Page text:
I wasn’t so sure that I liked the sound of that so much. A girl who has observed the sundered lover sensationally off his feed does not go to bed with headaches if love has been reborn in her heart. She sticks around and gives him the swift, remorseful glance from beneath the drooping eyelashes and generally endeavours to convey to him that, if he wants to get together across a round table and try to find a formula, she is all for it too. Yes, I am bound to say I found that going-to-bed stuff a bit disquieting.

“Gone to bed, eh?” I murmured musingly.

“What did you want her for?”

“I thought she might like a stroll and a chat.”

“Are you going for a stroll?” said Aunt Dahlia, with a sudden show of interest. “Where?”

“Oh, hither and thither.”

“Then I wonder if you would mind doing something for me.”

“Give it a name.”

“It won’t take you long. You know that path that runs past the greenhouses into the kitchen garden. If you go along it, you come to a pond.”

“That’s right.”

“Well, will you get a good, stout piece of rope or cord and go down that path till you come to the pond—”

“To the pond. Right.”

“—and look about you till you find a nice, heavy stone. Or a fairly large brick would do.”

“I see,” I said, though I didn’t, being still fogged. “Stone or brick. Yes. And then?”

“Then,” said the relative, “I want you, like a good boy, to fasten the rope to the brick and tie it around your damned neck and jump into the pond and drown yourself. In a few days I will send and have you fished up and buried because I shall need to dance on your grave.”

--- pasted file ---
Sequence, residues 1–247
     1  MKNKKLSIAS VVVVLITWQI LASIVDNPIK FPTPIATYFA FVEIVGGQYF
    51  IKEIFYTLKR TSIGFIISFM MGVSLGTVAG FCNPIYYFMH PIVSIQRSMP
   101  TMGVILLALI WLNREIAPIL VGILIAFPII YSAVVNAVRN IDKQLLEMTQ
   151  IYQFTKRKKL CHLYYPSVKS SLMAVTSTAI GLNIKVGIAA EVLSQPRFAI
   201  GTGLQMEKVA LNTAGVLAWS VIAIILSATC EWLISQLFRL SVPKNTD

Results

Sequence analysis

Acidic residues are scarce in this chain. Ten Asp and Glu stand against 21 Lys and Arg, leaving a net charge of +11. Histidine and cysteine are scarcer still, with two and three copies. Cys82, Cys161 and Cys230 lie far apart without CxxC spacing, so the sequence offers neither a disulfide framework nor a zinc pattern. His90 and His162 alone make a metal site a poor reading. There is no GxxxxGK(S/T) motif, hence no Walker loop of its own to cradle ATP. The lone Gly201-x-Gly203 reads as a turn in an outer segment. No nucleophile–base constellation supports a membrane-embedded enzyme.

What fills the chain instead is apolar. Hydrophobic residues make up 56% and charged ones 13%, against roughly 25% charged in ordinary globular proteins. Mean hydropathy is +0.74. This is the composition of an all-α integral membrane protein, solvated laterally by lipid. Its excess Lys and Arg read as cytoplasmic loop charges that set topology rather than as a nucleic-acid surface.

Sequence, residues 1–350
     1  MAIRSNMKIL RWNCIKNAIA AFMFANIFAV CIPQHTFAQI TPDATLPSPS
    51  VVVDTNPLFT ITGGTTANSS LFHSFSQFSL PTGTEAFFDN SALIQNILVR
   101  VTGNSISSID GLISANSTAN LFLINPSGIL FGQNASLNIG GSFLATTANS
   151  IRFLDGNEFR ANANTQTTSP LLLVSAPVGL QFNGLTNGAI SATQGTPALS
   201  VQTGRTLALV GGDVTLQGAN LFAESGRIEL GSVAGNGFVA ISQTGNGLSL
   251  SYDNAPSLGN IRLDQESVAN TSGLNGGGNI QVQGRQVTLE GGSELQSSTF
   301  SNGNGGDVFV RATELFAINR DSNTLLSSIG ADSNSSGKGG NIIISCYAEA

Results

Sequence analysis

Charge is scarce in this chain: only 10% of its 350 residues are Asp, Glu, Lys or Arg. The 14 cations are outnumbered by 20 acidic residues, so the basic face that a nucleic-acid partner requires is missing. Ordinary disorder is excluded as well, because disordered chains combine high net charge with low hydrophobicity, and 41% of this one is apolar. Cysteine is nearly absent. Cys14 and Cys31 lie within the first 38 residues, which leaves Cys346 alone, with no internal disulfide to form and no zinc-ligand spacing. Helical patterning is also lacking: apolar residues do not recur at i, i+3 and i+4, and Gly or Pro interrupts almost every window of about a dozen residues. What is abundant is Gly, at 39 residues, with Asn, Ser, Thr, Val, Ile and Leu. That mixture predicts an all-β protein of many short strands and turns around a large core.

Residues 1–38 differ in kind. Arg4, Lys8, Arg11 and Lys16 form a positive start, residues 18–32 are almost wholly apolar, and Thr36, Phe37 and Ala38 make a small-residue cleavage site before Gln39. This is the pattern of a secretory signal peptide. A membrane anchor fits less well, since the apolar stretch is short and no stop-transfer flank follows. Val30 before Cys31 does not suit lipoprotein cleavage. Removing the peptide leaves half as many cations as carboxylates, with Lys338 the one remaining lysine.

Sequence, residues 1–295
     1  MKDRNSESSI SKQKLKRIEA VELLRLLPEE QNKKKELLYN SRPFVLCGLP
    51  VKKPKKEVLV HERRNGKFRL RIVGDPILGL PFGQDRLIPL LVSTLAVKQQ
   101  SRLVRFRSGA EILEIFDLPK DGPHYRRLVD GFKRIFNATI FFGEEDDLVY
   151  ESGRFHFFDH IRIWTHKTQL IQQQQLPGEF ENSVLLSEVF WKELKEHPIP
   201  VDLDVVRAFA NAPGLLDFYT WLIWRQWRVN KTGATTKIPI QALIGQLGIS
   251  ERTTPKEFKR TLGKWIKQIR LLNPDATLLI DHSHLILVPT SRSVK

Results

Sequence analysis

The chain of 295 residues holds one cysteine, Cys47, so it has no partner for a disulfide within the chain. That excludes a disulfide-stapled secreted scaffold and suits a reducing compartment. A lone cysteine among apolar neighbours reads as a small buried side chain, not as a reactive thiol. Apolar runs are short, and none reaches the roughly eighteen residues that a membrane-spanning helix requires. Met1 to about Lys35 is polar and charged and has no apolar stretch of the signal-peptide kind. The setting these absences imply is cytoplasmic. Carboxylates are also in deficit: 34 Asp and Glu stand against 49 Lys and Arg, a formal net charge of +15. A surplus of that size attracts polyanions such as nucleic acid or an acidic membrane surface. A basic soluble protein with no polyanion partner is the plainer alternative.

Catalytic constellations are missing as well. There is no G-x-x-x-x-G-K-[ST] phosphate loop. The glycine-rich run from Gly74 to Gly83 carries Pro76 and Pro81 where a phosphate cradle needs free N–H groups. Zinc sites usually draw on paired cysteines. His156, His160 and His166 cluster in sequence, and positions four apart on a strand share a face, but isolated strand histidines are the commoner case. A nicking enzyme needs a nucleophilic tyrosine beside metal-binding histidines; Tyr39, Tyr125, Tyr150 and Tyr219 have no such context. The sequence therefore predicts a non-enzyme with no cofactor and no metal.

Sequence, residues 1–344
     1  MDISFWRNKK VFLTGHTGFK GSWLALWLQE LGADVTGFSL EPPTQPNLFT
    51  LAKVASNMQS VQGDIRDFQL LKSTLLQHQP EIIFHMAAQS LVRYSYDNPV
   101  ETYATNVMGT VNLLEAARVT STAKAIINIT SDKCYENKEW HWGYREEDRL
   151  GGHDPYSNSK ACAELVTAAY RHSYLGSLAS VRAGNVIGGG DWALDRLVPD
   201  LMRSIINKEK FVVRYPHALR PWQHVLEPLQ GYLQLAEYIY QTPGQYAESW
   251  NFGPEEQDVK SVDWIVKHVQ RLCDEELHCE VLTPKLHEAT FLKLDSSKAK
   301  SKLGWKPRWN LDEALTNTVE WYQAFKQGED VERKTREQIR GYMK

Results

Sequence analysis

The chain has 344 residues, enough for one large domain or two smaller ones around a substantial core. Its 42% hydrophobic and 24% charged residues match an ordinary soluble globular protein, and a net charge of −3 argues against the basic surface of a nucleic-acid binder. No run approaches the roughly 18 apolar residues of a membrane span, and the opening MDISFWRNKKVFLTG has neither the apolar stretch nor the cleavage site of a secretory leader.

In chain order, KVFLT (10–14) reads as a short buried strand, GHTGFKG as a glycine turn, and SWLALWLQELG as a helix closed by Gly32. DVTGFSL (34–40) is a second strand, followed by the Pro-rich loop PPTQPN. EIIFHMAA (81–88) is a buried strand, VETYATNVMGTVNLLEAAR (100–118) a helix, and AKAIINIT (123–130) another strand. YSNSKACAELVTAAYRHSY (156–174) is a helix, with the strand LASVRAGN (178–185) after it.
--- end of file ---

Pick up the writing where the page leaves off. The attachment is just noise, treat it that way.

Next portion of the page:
I was more fogged than ever. And not only fogged—wounded and resentful. I remember reading a book where a girl “suddenly fled from the room, afraid to stay for fear dreadful things would come tumbling from her lips; determined that she would not remain another day in this house to be insulted and misunderstood.” I felt much about the same.

Then I reminded myself that one has got to make allowances for a woman with only about half a spoonful of soup inside her, and I checked the red-hot crack that rose to the lips.

“What,” I said gently, “is this all about? You seem pipped with Bertram.”


“Noticeably pipped. Why this ill-concealed animus?”

A sudden flame shot from her eyes, singeing my hair.

“Who was the ass, who was the chump, who was the dithering idiot who talked me, against my better judgment, into going without my dinner? I might have guessed—”

I saw that I had divined correctly the cause of her strange mood.